Eric Williams fought for ‘maximum leadership’


Dr Kirk Meigho –


I WRITE in response to the article by Janelle De Souza, “Eric Williams snubbed British ‘golden handshake,’ fought for the best deal at independence,” on September 25.

This is PNM historiography, which began with Eric Williams’s own skewed and exclusionary view in his History of the People of Trinidad and Tobago, and which we must reject for a true people-centred account, rather than seeking the exaggerated glorification of Williams and the PNM. .

Erica Williams admitted that her father did not fight the British for independence.

However, she and Profs Brereton and Samaroo provide a one-sided, PNM-sided view of the independence process.

The main negotiations for independence did not revolve around the British “golden handshake” (a fight which Williams lost, in any case), but rather about what the constitution of the newly independent nation would be like.

Here, Williams indeed did fight to get the “best deal,” but it was the best deal for his own maximum leadership (as the great, late Lloyd Best termed it), not the best deal for the country. It is a poisoned legacy with which we must overturn, up to today.

Let us look in more detail at what Williams did fight for.

In 1962, Williams fought for dissolving the remaining Federation of the West Indies which TT was a part of (and where the West Indian capital was) since 1958. (Notably, Grantley Adams was the prime minister of the West Indies, therefore making him our first prime minister; this is something Williams fought to write out of our history.)

The fight for Chaguaramas was so that it could be the capital of the West Indian Federation. But this was made futile by two developments. On one hand, Williams dismantled the remaining Federation, so the fight for Chaguaramas to be the capital was no longer applicable. On the other hand, the Americans did not concede to Williams’s demand for withdrawal, in any case. The Americans kept their bases in Trinidad until well past independence, eventually leaving in 1968.

Williams fought against a democratic constitution for TT that all major parties could accept. The opposition Democratic Labor Party and even the African National Congress of John Broomes walked out of the Queen’s Hall conference in protest against it, and against Williams’s autocratic, dictatorial behavior (even though the PNM had just lost the 1958 federal and 1959 county council elections, and in 1956 the PNM did not win a majority of seats in the Legislative Council).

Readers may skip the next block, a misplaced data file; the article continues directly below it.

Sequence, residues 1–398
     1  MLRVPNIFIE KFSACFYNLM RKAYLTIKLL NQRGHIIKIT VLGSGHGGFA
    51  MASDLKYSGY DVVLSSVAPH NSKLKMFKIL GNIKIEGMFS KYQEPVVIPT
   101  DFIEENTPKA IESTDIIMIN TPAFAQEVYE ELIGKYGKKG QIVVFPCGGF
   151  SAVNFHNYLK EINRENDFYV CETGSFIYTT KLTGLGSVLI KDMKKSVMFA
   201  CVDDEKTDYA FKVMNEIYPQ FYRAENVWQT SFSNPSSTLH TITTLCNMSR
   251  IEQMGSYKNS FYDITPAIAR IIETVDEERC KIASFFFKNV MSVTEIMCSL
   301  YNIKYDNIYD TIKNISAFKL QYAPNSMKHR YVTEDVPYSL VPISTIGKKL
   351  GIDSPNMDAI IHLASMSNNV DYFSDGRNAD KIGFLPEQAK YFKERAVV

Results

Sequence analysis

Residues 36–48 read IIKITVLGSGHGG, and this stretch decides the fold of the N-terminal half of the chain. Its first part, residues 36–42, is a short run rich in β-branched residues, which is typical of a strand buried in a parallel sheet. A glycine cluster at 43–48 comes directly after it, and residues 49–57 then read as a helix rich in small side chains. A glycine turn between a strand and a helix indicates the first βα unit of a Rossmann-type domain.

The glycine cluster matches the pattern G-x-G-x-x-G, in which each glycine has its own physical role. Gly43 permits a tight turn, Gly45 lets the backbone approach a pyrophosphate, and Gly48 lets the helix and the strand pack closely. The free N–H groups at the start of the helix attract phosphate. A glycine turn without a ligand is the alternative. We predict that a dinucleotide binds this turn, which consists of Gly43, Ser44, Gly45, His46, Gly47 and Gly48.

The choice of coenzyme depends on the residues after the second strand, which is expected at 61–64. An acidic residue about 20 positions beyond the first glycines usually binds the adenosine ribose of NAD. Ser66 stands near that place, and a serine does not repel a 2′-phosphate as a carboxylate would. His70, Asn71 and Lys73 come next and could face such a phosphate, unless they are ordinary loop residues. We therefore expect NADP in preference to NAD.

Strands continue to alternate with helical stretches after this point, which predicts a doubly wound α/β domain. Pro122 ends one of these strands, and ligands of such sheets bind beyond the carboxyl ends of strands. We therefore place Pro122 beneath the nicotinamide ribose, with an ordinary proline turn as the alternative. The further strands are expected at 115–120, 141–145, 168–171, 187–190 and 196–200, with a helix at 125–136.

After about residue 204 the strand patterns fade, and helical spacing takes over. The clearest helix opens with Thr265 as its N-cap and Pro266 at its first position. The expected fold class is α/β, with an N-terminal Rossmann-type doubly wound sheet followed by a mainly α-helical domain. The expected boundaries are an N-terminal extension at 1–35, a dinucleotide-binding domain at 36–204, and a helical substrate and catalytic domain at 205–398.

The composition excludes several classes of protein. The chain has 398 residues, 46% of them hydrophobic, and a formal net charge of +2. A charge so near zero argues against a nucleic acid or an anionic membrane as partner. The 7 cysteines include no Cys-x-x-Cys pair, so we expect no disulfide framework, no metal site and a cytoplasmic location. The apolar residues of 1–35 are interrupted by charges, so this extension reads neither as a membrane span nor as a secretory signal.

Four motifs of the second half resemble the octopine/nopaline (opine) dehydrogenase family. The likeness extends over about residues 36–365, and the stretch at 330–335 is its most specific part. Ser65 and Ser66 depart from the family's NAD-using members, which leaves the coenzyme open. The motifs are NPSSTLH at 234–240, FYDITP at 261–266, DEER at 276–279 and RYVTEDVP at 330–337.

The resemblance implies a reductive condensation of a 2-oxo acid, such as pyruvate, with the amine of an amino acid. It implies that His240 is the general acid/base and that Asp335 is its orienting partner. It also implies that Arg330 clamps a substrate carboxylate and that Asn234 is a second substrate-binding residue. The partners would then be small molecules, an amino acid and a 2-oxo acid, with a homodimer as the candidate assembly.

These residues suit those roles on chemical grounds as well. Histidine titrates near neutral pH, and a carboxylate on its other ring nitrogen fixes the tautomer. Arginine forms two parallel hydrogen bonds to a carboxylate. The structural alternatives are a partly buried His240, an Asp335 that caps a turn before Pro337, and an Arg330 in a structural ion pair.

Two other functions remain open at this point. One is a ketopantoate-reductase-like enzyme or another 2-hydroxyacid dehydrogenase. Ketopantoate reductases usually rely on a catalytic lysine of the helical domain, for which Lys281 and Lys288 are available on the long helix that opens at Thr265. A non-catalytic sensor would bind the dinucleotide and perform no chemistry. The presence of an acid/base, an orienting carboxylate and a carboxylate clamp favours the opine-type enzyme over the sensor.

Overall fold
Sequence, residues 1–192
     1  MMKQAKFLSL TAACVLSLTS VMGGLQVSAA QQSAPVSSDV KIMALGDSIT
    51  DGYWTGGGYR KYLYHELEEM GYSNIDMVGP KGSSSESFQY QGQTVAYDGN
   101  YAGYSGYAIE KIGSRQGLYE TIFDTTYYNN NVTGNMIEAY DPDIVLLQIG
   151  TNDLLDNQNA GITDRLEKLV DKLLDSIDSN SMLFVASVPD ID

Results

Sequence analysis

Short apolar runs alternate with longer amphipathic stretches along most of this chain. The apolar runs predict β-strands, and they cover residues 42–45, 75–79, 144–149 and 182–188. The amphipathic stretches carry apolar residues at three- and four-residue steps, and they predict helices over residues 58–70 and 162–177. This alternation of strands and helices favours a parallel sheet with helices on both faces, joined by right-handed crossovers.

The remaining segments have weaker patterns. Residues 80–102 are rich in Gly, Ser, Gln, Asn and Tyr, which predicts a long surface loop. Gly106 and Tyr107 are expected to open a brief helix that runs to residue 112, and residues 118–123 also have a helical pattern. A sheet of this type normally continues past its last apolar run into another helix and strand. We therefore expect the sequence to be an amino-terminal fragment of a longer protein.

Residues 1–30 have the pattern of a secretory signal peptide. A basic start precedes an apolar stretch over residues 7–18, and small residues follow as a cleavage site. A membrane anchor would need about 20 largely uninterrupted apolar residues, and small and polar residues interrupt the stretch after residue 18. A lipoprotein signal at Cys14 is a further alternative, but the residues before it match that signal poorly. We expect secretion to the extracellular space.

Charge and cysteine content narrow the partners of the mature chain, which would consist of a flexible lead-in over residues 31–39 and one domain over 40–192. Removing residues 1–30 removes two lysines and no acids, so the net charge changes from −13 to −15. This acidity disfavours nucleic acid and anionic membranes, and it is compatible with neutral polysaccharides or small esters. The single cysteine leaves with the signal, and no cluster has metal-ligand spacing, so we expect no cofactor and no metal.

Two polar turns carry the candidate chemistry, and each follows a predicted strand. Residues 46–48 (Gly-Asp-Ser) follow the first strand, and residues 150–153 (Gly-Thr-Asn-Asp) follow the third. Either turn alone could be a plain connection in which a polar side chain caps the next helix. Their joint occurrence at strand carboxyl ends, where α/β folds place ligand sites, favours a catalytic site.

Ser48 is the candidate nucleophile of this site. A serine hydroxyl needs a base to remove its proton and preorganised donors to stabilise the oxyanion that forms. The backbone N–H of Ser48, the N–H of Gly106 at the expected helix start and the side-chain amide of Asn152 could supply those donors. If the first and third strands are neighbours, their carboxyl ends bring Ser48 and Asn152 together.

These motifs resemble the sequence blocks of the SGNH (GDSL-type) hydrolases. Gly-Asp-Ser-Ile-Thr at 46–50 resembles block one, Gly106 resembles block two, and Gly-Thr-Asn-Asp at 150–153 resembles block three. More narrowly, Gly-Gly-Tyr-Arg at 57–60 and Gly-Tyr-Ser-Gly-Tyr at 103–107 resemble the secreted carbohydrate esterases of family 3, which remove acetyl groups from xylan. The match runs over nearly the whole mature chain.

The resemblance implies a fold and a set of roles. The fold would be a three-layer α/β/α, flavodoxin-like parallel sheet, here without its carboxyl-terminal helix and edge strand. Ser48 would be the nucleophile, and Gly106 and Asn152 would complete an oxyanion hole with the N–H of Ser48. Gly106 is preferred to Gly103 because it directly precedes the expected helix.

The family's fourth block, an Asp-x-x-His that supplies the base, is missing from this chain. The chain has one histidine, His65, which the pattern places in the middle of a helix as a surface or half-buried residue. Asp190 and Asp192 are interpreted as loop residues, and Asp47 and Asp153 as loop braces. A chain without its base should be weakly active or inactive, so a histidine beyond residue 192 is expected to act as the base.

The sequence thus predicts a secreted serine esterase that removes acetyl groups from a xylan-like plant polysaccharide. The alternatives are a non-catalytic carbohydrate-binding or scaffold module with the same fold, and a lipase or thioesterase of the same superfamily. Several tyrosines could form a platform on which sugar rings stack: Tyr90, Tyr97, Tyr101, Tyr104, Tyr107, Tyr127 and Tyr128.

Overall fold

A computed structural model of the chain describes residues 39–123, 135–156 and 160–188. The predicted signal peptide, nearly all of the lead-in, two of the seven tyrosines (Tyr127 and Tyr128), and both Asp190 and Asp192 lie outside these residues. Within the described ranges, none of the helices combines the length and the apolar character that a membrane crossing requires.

In the new constitution that Williams autocratically imposed, he fought to take away the existing power of the legislature to appoint and remove ministers of government. Williams fought for a centralized system of government with the prime minister at the undisputed center of control. Williams fought to ensure the prime minister would appoint the chairman and members of the Boundaries Commission, the Public Service Commission and the Judicial and Legal Service Commission, things which the opposition DLP was vehemently opposed to.

Williams fought against his own fellow citizens whom he called a “recalcitrant minority” when he lost the West Indian federal elections to that “minority” in 1958. Williams fought to introduce voting machines, to join together the previously separate Elections Commission and the Boundaries Commission. , and to gerrymander constituencies in the 1961 elections to ensure a two-thirds PNM parliamentary majority, for the first time.

Williams fought to exclude many fighters from his History of the People of Trinidad and Tobago, such as Albert Gomes, Ajodasingh, Norman Tang, Victor Bryan, Roy Joseph, Jack Kelshall, Lennox Pierre, Adrian “Cola” Rienzi, Ashford and Mitra Sinanan, and so many others who fought for the poor and marginalized citizens of TT, but were not part of the PNM. Williams fought to position himself as the only person who should be remembered at independence.

Unfortunately, however, after building and leading the independent state of TT as prime minister for 25 continuous, uninterrupted years – until he died in office, even – Williams left this country in a condition where not even his children stayed here to carry on his legacy. . I am not casting personal aspersions on them, but the fact is certainly noteworthy.

This country has been brainwashed to learn the PNM view of independence, which is very skewed, and depends on the suppression of facts and a full history. It is a false story of glory, in which we are supposed to be thankful to the PNM and Eric Williams every year, when in fact the true story is one of Williams’s bullying and seeking domination of one group over all others, which the PNM attempts to perpetuate to this day.

Sadly, it is our burden that we have to undo many of the very things Williams fought for, particularly the autocratic, centralized constitution, the legacy of corruption (for instance, the infamous Ballah Report commissioned by George Chambers in 1982 – the year after Williams. died – stated that during the oil boom, two out of every three dollars had been stolen or wasted), the partisan infiltration of the public service, and the PNM’s divisive racial politics.

Ironically, it is up to us today to fight for true and meaningful independence. The struggle continues.

Dr Kirk Meighoo is the PRO of the UNC

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